o   An ‘Advertisers Who Uploaded a Contact List With Your Information’ document, whiuch was explained thusly: "Advertisers who run ads using a contact list they uploaded that includes contact info you shared with them or with one of their data partners."
·  This included a list of 211 advertisers, from AARP to Zappos
o   Advertisers I've interacted with (which consisted of about 100 clicked ads)
An ‘Apps and Websites’ folder: Apps I've used Facebook to log into (stretching back to 2013)
A document containing every FB post on which I've commented—including the text of the commentgoing back to 2013
o   A list of every person I'm following and every person who's following me, every page I've ever Unfollowed, and every person I've "friended" and when (dating back to 2009)
A ‘Posts and Comments’ document that included every "like" (or any other reaction) I've posted on a post or comment
A ‘Location History’ folder. Mine is empty, since I've never "checked in" or otherwise informed FB of my location. (But you may have.)
A list of every FB message I've sent or received and from/to whom
A ‘Photos & Videos’ folder containing every… Well, you get the idea.
o   Security & Log-In Info that included session cookies updated (148 MS Word pages, about 7,000 or so cookies), all devices authorized to log in (back to 2013) , and a list of where I've logged in from and when
A document listing my complete search history
And a handy Index.html doc that lets you get to all of this stuff a lot more easily than poking around in every damned folder, which is what I did. Unfortunately, I found this document last.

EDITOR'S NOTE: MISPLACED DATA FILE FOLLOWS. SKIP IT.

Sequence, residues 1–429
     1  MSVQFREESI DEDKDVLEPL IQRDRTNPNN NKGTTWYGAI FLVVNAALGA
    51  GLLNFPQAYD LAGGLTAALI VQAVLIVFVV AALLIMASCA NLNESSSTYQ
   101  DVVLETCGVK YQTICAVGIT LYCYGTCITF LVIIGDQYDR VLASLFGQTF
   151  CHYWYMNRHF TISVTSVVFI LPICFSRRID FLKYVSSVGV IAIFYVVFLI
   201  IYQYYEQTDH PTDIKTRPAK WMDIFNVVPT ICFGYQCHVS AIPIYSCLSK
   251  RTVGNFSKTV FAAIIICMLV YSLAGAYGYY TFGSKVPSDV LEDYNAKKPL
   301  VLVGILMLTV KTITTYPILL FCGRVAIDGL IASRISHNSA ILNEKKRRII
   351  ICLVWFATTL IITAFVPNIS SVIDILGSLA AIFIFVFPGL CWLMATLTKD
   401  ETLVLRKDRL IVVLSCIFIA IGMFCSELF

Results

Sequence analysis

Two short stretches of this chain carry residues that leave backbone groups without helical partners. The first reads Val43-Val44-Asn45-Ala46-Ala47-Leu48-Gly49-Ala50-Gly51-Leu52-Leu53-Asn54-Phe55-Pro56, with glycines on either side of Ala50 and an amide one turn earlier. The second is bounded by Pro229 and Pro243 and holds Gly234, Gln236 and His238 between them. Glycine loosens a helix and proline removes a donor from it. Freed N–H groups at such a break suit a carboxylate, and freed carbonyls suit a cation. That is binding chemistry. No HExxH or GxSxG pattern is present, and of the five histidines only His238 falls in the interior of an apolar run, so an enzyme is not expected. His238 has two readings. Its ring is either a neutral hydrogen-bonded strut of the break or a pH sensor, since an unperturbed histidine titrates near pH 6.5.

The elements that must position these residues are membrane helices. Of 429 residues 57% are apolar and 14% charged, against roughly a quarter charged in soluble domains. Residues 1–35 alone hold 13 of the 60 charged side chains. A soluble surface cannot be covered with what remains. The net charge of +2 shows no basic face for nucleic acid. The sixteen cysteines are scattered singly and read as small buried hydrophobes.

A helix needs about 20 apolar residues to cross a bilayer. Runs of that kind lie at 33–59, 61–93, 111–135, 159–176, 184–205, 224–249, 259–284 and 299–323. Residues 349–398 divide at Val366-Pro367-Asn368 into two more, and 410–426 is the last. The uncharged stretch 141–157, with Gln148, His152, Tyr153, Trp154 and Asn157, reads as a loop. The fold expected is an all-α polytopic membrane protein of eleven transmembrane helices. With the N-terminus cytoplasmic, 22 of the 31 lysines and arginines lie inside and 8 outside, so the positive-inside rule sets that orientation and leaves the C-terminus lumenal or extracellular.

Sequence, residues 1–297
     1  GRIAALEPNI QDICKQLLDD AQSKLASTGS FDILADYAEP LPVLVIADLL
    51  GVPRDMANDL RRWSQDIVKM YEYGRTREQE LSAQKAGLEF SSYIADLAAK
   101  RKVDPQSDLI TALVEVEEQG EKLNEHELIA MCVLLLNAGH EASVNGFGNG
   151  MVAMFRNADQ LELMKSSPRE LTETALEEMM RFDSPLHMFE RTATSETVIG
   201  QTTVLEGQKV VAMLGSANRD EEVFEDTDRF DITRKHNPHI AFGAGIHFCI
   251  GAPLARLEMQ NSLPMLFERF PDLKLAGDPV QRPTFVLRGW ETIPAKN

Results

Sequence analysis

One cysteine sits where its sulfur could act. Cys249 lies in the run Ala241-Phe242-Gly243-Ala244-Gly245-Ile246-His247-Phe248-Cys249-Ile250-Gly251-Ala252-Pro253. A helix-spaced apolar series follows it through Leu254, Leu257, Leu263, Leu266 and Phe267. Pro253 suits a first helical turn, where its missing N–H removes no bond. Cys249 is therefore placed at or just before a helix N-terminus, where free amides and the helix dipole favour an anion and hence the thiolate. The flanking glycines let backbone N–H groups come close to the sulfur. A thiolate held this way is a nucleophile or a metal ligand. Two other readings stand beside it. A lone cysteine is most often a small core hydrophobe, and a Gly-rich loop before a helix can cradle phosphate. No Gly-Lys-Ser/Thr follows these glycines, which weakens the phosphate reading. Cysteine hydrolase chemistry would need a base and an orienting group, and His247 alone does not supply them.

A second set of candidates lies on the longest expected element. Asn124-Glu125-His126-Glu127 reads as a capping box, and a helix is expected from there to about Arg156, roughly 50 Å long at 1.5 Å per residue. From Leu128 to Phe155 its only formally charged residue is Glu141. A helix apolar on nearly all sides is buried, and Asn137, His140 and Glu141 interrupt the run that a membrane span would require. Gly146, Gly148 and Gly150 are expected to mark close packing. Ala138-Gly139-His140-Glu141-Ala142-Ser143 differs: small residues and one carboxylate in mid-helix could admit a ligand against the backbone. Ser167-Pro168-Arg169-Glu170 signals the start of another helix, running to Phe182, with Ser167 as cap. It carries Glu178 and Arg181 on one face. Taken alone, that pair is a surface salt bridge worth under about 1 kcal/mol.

As you can see, that's a lot of information about me—and honestly, I'm a pretty boring person! Really. You can ask anyone.

He doesn't look like an evil person, does he? At least, he didn't back
in his Harvard days. Image licensed under the Creative Commons
Attribution 2.5 Generic license.
Something should be pointed out here… Near the top of this list is a document that lists advertisers who run ads using a contact list that I shared with them or with one of their data partners. Now, I am perfectly happy (well, moderately happy) to share data with companies that sell products in which I'm interested: computers, say, or archery or cars or motorcycles. But I have no idea who these "data partners" are. It turns out that when I share data with an entity, I'm in effect also sharing it with whomever they decide to share it with. And I have no control over who that might be.

I don't like that.

Really, most of these bits of data are relatively insignificant. If any one or two or five of them got out in public or were sold to a marketer, it probably wouldn't matter much. But, like the stones that killed Giles Corey and Margaret Clitherow, eventually, the combined weight of the stones reaches a critical mass and that one last stone finishes you off. Facebook has collected a LOT of stones, enough to build a fairly accurate—and quite valuable—dossier on every one of its over 2 billion customers. Eventually, we might end up being crushed by those stones.